The Power of Defined Benefit Pension Plans

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The Evolution of Retirement Planning in America: Pension plans were one of the legs of the three-legged retirement stool for most Americans. That retirement stool lasted well into the ’90s. A third of their income came from their pension, a third of their income came from Social Security, and a third was from savings. So, 66% of most Americans’ income was guaranteed. Since the 1980s, participation in pension plans has dramatically declined thanks to the popular 401k and corporate America’s move away from pensions and the liability that they created on the balance sheet. Now, this makes retirement more heavily reliant upon employees and not the employer, which can be a really good thing or a really bad thing depending on the individual. But luckily, not all pensions have been retired.

Hi, I’m Ken Hargreaves, a financial advisor for WealthGen Advisors. I have a master’s degree in financial planning and I’m a certified financial planner. If you’re a small business owner, you may want to stick around because today I’m going to highlight the defined benefit pension plan, its features, potential pitfalls for you to consider, and if this is an option for you to be looking at.

So let’s start with the basics. Most people have heard of a 401k. A 401k is a defined contribution plan where the employee controls how much is contributed or how much money goes in. So, a defined benefit plan is like a pension and it provides stable defined income in retirement. The idea is through an actuary they calculate how much a business owner can contribute each year. Now, the actuary will take into account different variables such as your age, your income, and a defined rate of return to generate a hypothetical estimate of your payout at retirement.

The original concept in such a plan was to help high-income earners catch up on their retirement savings at the tail end of their career by saving a lot of their income into a retirement bucket. Now, this type of plan carries high contribution limits versus other small business plans. For example, in 2024, a business owner can contribute up to $275,000 per year. That’s more than a 401k or a SEP IRA. These types of plans are great for service professionals that have high income and may want to max out their retirement benefits and save more money in taxes. Professionals like doctors, offices, law offices, or real estate agents or consultants tend to favor these types of plans. The other great benefit of a defined benefit plan is that you can layer it on top of your 401k plan, really supercharging your retirement savings.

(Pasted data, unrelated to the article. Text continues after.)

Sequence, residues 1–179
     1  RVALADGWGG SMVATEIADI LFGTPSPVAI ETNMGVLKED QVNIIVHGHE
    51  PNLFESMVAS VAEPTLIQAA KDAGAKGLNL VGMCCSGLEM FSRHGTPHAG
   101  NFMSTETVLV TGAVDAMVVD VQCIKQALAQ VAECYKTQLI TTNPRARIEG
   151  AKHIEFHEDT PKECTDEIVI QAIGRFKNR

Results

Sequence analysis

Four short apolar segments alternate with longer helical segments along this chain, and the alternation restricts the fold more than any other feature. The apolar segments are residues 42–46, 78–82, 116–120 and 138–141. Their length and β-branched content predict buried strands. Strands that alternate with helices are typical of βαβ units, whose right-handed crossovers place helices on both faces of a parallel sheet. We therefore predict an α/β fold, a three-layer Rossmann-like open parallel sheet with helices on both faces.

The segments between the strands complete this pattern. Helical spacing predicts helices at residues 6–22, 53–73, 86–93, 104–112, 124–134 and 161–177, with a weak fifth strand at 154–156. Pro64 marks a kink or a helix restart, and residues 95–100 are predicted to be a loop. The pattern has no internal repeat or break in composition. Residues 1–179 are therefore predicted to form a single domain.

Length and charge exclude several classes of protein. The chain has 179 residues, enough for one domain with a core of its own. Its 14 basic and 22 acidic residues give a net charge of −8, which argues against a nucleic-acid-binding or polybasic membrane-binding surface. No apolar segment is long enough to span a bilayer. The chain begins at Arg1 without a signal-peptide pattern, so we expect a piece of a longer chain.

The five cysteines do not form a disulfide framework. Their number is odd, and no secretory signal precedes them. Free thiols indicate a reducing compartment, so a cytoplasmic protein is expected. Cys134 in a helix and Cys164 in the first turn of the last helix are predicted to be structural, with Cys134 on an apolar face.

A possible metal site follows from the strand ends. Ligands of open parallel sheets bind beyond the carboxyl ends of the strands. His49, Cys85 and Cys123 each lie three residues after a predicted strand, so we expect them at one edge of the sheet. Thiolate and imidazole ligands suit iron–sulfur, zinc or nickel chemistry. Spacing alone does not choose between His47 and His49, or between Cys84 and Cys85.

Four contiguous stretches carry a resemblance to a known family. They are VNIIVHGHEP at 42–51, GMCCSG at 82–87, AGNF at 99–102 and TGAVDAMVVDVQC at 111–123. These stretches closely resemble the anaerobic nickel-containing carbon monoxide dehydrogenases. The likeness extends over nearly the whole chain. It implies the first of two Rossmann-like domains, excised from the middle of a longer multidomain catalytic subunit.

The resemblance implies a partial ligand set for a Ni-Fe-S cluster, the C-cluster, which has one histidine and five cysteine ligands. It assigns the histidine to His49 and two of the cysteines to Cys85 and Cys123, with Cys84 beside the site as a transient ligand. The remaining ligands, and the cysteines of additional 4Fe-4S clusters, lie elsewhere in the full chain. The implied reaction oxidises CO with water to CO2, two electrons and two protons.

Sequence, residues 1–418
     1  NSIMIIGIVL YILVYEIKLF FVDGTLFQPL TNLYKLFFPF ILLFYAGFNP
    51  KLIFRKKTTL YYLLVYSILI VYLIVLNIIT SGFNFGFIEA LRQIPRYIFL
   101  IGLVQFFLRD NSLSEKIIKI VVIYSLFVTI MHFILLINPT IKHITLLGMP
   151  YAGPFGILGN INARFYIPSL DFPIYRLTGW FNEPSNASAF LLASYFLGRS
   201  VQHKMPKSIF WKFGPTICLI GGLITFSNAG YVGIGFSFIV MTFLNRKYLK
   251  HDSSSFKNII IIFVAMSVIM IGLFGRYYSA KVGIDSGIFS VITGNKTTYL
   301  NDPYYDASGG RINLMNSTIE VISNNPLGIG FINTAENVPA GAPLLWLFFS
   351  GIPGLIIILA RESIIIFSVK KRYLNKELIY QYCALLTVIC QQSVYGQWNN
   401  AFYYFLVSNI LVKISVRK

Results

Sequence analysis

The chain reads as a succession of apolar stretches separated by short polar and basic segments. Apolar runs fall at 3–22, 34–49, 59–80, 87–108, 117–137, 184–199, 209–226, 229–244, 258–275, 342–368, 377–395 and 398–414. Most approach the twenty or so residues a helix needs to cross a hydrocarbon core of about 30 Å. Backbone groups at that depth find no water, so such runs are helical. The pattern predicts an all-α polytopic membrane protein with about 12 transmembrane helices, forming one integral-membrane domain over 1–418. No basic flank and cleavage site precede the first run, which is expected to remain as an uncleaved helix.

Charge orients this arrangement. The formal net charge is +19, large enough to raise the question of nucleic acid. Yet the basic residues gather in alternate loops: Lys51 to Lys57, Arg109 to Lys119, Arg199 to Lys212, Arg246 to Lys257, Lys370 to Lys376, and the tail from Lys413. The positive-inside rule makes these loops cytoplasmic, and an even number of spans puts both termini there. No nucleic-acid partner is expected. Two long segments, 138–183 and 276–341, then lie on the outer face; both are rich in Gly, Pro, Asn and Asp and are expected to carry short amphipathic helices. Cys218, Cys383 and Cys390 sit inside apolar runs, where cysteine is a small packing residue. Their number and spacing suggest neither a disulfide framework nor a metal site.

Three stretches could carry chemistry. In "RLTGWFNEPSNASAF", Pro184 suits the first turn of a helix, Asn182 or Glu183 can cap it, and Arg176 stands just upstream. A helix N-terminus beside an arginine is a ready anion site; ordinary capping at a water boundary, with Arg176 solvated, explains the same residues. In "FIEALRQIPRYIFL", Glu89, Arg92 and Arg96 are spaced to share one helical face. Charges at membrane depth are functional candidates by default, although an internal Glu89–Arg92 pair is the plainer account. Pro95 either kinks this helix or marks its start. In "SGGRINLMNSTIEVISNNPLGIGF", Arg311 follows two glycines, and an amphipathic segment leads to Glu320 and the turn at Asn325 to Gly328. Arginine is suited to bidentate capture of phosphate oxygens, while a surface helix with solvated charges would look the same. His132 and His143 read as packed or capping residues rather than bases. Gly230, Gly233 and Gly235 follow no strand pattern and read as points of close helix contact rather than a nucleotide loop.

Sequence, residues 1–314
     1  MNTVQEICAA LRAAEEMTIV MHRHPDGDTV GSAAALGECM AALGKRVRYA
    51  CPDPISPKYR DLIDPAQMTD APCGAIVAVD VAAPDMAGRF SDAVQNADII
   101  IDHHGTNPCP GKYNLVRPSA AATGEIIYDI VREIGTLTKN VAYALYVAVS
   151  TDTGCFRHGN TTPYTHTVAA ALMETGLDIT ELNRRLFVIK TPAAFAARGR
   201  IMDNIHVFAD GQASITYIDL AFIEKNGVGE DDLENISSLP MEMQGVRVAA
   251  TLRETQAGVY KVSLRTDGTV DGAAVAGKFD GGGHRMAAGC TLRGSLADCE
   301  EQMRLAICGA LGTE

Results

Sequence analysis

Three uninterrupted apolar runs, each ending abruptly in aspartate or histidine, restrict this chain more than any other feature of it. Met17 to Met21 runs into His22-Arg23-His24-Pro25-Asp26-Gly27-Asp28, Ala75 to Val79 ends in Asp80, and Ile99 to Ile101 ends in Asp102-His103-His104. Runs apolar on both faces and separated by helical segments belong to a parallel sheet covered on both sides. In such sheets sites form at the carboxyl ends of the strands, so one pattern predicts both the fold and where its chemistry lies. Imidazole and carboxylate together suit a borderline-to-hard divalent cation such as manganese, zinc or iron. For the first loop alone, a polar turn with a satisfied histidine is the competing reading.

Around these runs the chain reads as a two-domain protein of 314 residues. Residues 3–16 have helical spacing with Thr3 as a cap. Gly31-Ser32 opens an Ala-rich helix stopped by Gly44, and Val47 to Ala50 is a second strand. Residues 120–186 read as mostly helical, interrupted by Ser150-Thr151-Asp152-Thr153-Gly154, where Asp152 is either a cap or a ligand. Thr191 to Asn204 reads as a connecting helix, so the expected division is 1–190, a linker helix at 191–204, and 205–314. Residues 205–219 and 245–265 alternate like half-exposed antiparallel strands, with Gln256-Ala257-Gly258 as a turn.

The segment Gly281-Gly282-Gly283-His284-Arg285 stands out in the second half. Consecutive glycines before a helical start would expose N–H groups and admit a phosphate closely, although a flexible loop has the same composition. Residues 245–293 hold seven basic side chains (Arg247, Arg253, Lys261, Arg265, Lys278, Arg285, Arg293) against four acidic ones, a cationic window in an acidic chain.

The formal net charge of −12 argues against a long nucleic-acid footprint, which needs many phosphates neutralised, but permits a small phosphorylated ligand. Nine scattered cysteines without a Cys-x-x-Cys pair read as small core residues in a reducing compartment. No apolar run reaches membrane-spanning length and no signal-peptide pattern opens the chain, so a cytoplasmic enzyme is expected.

Now, there are some major restrictions and downsides of owning a defined benefit plan. Mainly, there’s typically a low target return for assets in the plan. The plan can be overfunded or underfunded depending on how the investments perform, which could create challenges to the business owner with regards to needing to contribute more or less in any given year. That could throw off your long-term planning and cash flow. In addition, it would require administrative costs to help calculate contribution amounts to make sure the plan is compliant each and every year. Finally, analyzing the cost of employee participation could really tip the balance of whether or not this plan makes sense for you. However, many small business owners absolutely love this type of plan and believe the challenges justify the rewards. So, I encourage you to learn more about what makes sense for you by scheduling an appointment with your tax professional and your Certified Financial Planner to analyze your specific situation. Thank you so much, and as always, best wishes to you and your small business.

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